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Artificial Intelligence's Role in Health Care


While not a solution for the looming physician shortage in the United States, IBM's super smart computer, Watson, is going to medical school.

While not a solution for the looming physician shortage in the United States, IBM’s super smart computer, Watson, is going to medical school.

The New York Times’ Bits blog reported that the question-answering computer, which defeated two all-time Jeopardy! champions, will work with the Cleveland Clinic Lerner College of Medicine of Case Western Reserve University.

The purpose of this training would be to provide assistance to physicians so they could “cope better with the rapid pace of incoming new research,” according to NYT.

James K., Stoller, MD, chairman of the Education Institute at Cleveland Clinic, told NYT that the existing knowledge in medicine has a half-life down to four to eight years before it becomes obsolete. And this loss of accuracy is happening at an accelerated rate.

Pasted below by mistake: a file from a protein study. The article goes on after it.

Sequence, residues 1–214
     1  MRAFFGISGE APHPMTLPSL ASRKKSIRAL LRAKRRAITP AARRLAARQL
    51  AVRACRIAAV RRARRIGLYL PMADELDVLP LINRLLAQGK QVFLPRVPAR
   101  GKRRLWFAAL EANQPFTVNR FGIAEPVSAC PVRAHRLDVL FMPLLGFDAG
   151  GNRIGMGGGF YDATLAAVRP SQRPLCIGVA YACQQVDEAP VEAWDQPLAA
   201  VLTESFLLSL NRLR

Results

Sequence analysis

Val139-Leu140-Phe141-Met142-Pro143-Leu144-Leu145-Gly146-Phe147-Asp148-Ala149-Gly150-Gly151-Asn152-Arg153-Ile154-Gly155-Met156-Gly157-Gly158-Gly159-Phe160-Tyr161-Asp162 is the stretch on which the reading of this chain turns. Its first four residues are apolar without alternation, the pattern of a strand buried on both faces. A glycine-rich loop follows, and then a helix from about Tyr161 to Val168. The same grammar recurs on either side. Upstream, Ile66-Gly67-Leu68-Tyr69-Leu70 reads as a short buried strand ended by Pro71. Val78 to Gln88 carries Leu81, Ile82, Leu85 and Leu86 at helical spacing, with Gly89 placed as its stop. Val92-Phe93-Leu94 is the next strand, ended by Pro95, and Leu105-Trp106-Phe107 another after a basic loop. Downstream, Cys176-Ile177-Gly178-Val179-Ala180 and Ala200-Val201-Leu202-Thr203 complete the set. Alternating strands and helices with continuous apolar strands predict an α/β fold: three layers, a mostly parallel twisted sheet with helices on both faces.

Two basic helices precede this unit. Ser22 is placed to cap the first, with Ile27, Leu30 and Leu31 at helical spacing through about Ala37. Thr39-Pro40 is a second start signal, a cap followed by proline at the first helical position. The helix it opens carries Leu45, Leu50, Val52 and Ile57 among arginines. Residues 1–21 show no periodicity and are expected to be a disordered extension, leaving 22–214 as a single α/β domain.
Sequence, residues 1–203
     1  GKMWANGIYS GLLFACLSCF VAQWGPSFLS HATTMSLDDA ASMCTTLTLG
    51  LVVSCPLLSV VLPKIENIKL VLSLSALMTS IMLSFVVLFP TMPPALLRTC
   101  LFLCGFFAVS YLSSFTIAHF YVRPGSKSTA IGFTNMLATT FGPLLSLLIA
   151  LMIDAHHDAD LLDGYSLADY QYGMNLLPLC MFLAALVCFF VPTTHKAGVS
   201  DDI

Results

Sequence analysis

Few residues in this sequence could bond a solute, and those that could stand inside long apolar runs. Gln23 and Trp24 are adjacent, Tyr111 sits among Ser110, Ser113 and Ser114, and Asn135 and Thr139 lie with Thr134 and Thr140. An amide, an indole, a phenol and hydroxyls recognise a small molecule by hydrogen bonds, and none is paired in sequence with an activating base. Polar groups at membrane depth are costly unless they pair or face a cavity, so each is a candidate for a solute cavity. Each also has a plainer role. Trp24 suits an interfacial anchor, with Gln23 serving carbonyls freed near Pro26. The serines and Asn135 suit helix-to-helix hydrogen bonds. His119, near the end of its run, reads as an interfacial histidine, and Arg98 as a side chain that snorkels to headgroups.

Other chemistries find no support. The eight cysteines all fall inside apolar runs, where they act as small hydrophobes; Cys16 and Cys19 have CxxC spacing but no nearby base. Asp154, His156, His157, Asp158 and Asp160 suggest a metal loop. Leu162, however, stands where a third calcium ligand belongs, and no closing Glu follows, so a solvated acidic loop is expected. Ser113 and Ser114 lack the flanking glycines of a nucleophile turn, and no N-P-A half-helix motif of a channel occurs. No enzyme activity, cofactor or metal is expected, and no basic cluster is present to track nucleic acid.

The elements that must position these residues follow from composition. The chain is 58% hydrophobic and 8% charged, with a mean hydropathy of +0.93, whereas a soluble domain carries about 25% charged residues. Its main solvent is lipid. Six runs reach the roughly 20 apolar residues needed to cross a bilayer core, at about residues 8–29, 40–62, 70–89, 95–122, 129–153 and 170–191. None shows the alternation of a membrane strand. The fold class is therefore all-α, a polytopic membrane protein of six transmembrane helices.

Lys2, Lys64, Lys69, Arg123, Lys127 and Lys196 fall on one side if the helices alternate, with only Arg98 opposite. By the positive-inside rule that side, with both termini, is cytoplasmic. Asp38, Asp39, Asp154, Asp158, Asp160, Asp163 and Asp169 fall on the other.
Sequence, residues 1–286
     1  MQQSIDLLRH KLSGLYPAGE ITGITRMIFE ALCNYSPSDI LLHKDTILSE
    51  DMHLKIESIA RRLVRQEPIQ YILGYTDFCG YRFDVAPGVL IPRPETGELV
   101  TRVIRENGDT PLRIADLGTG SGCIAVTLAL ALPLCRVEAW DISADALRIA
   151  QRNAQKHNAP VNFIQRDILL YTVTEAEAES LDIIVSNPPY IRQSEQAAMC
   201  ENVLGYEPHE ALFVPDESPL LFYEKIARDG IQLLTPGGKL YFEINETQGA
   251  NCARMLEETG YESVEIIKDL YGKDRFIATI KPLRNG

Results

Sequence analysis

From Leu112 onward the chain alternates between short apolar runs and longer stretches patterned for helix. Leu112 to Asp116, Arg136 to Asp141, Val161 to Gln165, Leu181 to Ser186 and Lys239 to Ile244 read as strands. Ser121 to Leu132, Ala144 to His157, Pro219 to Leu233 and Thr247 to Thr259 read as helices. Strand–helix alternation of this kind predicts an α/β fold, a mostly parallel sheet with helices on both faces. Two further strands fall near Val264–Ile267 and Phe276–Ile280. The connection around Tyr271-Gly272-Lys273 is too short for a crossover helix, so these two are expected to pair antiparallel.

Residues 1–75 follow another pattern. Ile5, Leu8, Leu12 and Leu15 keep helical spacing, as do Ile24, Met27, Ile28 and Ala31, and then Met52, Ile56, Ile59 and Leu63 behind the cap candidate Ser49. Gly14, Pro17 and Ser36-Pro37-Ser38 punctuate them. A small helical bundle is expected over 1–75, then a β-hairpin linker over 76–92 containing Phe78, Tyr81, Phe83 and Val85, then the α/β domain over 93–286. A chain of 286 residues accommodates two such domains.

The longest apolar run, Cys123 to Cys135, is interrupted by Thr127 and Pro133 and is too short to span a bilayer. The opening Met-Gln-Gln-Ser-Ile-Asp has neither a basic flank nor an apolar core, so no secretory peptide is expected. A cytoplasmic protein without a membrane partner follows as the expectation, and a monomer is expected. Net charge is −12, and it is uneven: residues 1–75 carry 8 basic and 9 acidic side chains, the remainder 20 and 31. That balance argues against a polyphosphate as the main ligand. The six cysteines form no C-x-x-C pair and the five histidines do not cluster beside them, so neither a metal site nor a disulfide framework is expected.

This exploration into health care will challenge what Watson is programmed to do. Right now the computer is a question-and-answer machine. However, medicine provides many variables to one problem, such as symptoms, family history, genetics, etc.

According to IBM, Watson also could potentially answer questions at the point of care, improving quality and reducing costly errors.

Watson has other implications on the future of health care. The type of process that Watson uses could help physicians mine the mountain of data that is becoming available electronically. According to IBM:

"For instance, as EHR systems are adopted by government mandate, physician notes are digitized in a computer readable format. It is a large repository of information to mine for symptom indicators, treatment efficacy, and potential medical errors."

Read more:

I.B.M.’s Watson Goes to Medical SchoolNew York Times’ Bits blog

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